To enable global reachability and inter connectivity between FlexIP network and IPv6 network, an translator is needed wherever packets across the periphery. Figure 2 depicts the core component of the translator, i.e., address mapper, and a sketch for packet traversing from a FlexIP network to a IPv6 network. For any packet leave FlexIP network and enter IPv6 network, the IP addresses of the packet should be converted by rules configured in the mapper, and vice versa.

.........       ->Translator
|.|.|.|.|      /
|.|.|.+---+  /-\  +------------------------+
|.|.<-------------+ Limited Domain Network |
|.|.|.+---+  \-/  |          FlexIP        |
|.|.|.|.|     |   +------------------------+
|.|.|.|.|     |
|.|.|.|.|     |
|.|.|.|.|     |            +-------------+    Rules
|.|.|.|.|     |          / |             | Distribution
|.|.|.|.|     +---------|  | +---------+ |      +
.........                \ | | Mapping | |      |
                           | |  Rules  <--------+
Internet                   | +----+----+ |
Backbone                   |      |      |
                 Packet    | +----v----+ |    Packet
               +--------+  | | Mapping | |  +--------+
               |  IPv6  <----+  Engine <----+ FlexIP |
               +--------+  | +---------+ |  +--------+
               |  Data  |  |             |  |  Data  |
               |        |  |   Address   |  |        |
               +--------+  |    Mapper   |  +--------+

Figure 2: Network Address Mapping between FlexIP network and IPv6 network.

Specifically, there are two kind of mapping policy: stateful recording and stateless transforming. Although both two policy is effective for address mapping, stateless transforming is RECOMMENDED for system efficiency and operation complexity. Concrete processes of rules generation, distribution and mapping mechanisms are outside the scope of this specification and should be documented individually.

For FlexIP network with restrained space format Table 1, for instance, a FlexIP C3 should be mapped into IPv6 2001::C3 when affiliated packet flow across the periphery. Conversely, address mapper can simply peel of the prefix 2001:: of when packets flow back to FlexIP network.

8. Security Considerations

As a address format of IP, FlexIP address itself do not involve security issues. While from the viewpoint of the transmission of packets, FlexIP has security properties that are similar to IPv6. These security issues include:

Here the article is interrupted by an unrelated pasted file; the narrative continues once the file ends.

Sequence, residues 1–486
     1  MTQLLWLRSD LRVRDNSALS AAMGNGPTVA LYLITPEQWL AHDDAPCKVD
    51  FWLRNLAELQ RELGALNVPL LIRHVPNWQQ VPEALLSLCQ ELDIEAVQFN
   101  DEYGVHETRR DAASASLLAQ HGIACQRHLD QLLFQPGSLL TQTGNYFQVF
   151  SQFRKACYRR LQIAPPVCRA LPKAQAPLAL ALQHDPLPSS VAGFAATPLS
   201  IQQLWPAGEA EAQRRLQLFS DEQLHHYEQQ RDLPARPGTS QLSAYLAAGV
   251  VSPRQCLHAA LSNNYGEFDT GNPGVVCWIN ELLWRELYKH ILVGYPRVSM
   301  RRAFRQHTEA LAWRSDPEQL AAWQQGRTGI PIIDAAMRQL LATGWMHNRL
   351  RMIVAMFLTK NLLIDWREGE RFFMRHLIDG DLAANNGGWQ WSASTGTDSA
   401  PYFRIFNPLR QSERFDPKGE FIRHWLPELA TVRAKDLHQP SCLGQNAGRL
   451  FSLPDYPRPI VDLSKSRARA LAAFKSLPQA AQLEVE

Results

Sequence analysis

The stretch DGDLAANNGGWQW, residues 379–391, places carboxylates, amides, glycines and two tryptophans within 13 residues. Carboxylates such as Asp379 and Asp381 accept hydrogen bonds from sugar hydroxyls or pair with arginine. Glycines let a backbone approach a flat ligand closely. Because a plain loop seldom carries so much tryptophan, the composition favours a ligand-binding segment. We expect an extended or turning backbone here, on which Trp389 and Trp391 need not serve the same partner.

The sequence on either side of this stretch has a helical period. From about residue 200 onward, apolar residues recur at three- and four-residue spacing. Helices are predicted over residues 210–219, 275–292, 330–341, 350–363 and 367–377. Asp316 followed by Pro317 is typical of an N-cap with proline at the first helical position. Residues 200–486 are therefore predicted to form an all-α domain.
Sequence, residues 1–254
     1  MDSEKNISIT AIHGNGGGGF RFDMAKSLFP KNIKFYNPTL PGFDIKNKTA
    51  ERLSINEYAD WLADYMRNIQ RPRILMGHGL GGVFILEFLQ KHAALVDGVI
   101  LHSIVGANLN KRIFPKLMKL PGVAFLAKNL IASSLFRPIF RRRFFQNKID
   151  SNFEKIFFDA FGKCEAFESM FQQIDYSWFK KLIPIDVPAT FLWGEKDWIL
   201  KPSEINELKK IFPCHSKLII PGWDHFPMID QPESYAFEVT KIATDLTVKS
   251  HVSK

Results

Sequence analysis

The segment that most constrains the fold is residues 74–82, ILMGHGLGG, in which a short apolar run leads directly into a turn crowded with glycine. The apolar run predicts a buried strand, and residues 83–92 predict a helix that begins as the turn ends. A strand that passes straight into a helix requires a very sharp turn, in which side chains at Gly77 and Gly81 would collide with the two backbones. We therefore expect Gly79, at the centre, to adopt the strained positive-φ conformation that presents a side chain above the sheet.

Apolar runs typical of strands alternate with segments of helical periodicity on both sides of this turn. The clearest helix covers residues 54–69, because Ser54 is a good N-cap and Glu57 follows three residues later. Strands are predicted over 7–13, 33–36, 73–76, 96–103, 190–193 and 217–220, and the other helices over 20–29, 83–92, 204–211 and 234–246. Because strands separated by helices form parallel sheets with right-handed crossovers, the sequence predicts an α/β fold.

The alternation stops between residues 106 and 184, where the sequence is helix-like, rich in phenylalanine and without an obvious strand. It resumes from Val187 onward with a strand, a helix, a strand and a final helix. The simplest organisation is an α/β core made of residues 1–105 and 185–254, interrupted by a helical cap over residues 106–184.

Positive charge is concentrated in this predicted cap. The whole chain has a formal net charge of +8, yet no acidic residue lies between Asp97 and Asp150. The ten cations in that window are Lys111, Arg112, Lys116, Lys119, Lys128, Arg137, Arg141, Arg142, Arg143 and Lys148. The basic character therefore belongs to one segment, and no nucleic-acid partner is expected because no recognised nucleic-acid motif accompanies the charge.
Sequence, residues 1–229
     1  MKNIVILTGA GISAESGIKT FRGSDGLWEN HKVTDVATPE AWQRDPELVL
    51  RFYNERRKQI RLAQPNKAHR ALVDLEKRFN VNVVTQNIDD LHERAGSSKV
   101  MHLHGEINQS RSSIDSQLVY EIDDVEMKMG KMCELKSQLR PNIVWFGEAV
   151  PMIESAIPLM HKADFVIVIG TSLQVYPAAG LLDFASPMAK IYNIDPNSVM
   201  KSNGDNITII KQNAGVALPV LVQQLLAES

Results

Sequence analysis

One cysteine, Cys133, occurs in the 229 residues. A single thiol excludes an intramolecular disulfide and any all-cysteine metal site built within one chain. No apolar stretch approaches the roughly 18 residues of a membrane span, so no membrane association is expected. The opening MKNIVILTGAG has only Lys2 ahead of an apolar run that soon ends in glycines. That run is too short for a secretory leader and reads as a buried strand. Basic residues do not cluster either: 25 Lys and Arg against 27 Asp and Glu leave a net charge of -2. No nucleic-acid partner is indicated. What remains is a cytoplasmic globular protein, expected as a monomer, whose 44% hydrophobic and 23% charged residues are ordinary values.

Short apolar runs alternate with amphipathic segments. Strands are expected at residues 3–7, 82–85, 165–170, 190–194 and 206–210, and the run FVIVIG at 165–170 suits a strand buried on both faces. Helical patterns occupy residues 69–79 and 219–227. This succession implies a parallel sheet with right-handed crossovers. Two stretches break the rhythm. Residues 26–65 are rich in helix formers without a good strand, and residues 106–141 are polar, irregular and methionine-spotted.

Specifically, there is not any mechanism for FlexIP to protect against IP spoofing. Defending against these type of attacks is outside the scope of this specification.

9. IANA Considerations

This document does not include an IANA request.

10. Informative References

Postel, J., "Internet Protocol", STD 5, RFC 791, DOI 10.17487/RFC0791, , <>.
Bradner, S., "Key words for use in RFCs to Indicate Requirement Levels", BCP 14, RFC 2119, DOI 10.17487/RFC2119, , <>.
Montenegro, G., Kushalnagar, N., Hui, J., and D. Culler, "Transmission of IPv6 Packets over IEEE 802.15.4 Networks", RFC 4944, DOI 10.17487/RFC4944, , <>.
Kawamura, S. and M. Kawashima, "A Recommendation for IPv6 Address Text Representation", RFC 5952, DOI 10.17487/RFC5952, , <>.
Pentikousis, K., Ed., Ohlman, B., Corujo, D., Boggia, G., Tyson, G., Davies, E., Molinaro, A., and S. Eum, "Information-Centric Networking: Baseline Scenarios", RFC 7476, DOI 10.17487/RFC7476, , <>.
Nieminen, J., Savolainen, T., Isomaki, M., Patil, B., Shelby, Z., and C. Gomez, "IPv6 over BLUETOOTH(R) Low Energy", RFC 7668, DOI 10.17487/RFC7668, , <>.
Leiba, B., "Ambiguity of Uppercase vs Lowercase in RFC 2119 Key Words", BCP 14, RFC 8174, DOI 10.17487/RFC8174, , <>.
Deering, S. and R. Hinden, "Internet Protocol, Version 6 (IPv6) Specification", STD 86, RFC 8200, DOI 10.17487/RFC8200, , <>.
Minaburo, A., Toutain, L., Gomez, C., Barthel, D., and JC. Zúñiga, "SCHC: Generic Framework for Static Context Header Compression and Fragmentation", RFC 8724, DOI 10.17487/RFC8724, , <>.
Carpenter, B. and B. Liu, "Limited Domains and Internet Protocols", RFC 8799, DOI 10.17487/RFC8799, , <>.
Jia, Y., Li, G., and S. Jiang, "Scenarios and Requirements for Flexible Address structure", , <>.
Jara, AJ., Ladid, L., and AF. Gomez-Skarmeta, "The Internet of Everything through IPv6: An Analysis of Challenges, Solutions and Opportunities", Networks Ubiquitous Comput. Dependable Appl. 4(3): 97-118, .
Zhang, L., Afanasyev, A., and J. Burke, "Named data networking", ACM SIGCOMM Computer Communication Review 44(3): 66-73, .
Yang, Z., Li, H., Wu, Q., and J. Wu, "Analyzing and optimizing BGP stability in future space-based internet", International Performance Computing and Communications Conference (IPCCC) , .
Thread Group, "Thread Specification", <>.
Akhshabi, S. and C. Dovrolis, "The Evolution of Layered Protocol Stacks Leads to an Hourglass-shaped Architecture", Proceedings of the ACM SIGCOMM 2011 Conference 206-217, , <>.

Authors' Addresses

Yihao Jia
Huawei Technologies Co., Ltd
156 Beiqing Rd.
Haidian, Beijing
P.R. China
Zhe Chen
Huawei Technologies Co., Ltd
156 Beiqing Rd.
Haidian, Beijing
P.R. China
Sheng Jiang
Huawei Technologies Co., Ltd
156 Beiqing Rd.
Haidian, Beijing
P.R. China